This first plateau, that of 5%, should be reached within six months, according to him. This is also the opinion of economist Daniel Denis.

I think central banks will have a hard time reaching their target, the 1% to 3% range at the end of 2023, beginning of 2024. I think we're going to have a period with a little higher inflation rate from service sector and labor market pressures, he said.

During 2023, inflation is therefore expected to move outside of the range desired by the Bank of Canada.

We may have a period of 3% to 4% rates for a little longer than what is claimed by central banks, he says.

Economists are all agree on one point: inflation could be subdued more quickly if there is a recession, probably the lesser of the two evils.

The recession affects a certain category of people temporarily, while inflation affects everyone, and it hits the less well off even more. […] Of course, it will be difficult to quickly return to 2% inflation without going through this: it's like making an omelette without breaking eggs, believes Mr. Gignac.

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Jean-René Ouellet, investment strategist and portfolio manager at Desjardins

What will it take to break inflation? A recession, abounds Jean-René Ouellet. It becomes like a tool. […] Strangely, we will celebrate it, because the recession, eventually, will lower interest rates: people who had variable rate mortgages will have a breath of fresh air. Until we break inflation, rates will stay tight.

For him, it is crucial that the number of vacancies decreases. The current context of rising wages is fueling the inflationary spiral. With an economic slowdown or recession, we could even see the first layoffs in certain sectors.

When real estate developers have completed their existing order books, I have the impression that we are going to start seeing people being fired. But the good news is that there is good demand in other niches, says Ouellet.

In Quebec, there are ten positions posted for every six people who are not working. So, even if we lose job postings… From an economic point of view, job postings do not earn money, it does not support a family, he continues.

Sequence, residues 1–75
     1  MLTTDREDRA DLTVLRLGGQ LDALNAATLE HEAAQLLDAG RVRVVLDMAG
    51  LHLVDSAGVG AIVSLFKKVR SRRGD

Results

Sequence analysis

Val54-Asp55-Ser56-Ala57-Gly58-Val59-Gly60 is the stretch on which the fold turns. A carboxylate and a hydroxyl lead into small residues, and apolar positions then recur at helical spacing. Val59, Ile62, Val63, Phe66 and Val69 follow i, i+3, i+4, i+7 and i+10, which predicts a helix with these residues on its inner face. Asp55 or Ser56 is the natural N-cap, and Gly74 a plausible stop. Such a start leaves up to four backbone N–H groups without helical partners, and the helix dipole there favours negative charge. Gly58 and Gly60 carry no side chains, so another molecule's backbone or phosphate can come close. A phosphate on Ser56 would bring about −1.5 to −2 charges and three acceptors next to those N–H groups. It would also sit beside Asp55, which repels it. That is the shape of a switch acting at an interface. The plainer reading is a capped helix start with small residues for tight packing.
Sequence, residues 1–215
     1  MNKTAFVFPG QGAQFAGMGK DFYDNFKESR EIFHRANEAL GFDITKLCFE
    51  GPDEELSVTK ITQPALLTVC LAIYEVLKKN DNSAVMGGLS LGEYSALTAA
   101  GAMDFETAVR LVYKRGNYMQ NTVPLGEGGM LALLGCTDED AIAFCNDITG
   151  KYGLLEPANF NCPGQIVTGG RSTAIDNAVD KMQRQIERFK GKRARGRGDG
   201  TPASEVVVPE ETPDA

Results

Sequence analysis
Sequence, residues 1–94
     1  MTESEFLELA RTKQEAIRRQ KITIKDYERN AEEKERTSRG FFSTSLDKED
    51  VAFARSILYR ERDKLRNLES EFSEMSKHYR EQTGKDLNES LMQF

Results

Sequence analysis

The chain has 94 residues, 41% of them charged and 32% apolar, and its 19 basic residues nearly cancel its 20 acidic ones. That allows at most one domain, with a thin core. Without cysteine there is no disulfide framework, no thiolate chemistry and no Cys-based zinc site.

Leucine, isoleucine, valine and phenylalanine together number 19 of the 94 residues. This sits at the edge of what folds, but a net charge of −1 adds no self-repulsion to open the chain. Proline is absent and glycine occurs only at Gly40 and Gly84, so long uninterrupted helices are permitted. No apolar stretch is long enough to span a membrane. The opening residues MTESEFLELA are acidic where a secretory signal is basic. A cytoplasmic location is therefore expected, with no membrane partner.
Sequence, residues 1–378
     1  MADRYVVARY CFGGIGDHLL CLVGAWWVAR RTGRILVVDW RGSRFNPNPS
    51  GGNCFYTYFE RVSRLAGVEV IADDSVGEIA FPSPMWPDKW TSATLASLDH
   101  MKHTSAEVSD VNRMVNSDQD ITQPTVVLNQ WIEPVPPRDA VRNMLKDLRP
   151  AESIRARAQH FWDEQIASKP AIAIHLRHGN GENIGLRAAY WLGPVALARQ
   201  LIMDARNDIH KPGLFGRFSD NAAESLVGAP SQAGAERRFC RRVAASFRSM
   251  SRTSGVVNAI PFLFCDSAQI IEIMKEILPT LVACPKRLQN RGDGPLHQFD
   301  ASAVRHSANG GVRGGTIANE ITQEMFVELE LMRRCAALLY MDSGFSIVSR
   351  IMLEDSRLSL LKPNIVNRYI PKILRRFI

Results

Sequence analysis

This is also what Clément Gignac believes. Over the next few months, keep an eye out for We're Hiring signs on the front of businesses. They may disappear in certain slots.

If orders are not there, companies will have no choice but to start making layoffs. We see it with companies in Silicon Valley and with the decline in advertising spending by advertisers. It's the number one discretionary item: when it slows down, you cut spending on advertising, he says.

Meanwhile, other industries that had been booming for the pandemic – by adjusting their prices accordingly – will return to normal, to the benefit of consumers.

There are products that are little affected by the rise in rates, in particular essential goods and products that are not obtained by borrowing. But at car dealerships, we will most certainly see promotions with preferential interest rates, thinks Daniel Denis.

There are sensitive sectors that are not slowing down: they brake suddenly! I have a snowmobile retailer who told me they have order cancellations every day. Customers say, “Keep my $500 deposit and I won't take the sled.” There are clear signs of deceleration, notes Mr. Ouellet.

Jean-René Ouellet recalls that according to a recent survey, the percentage of Quebecers who believe that this is 'a good time to make a major purchase is at its lowest… since 2007. There are people who are shaking, he concludes.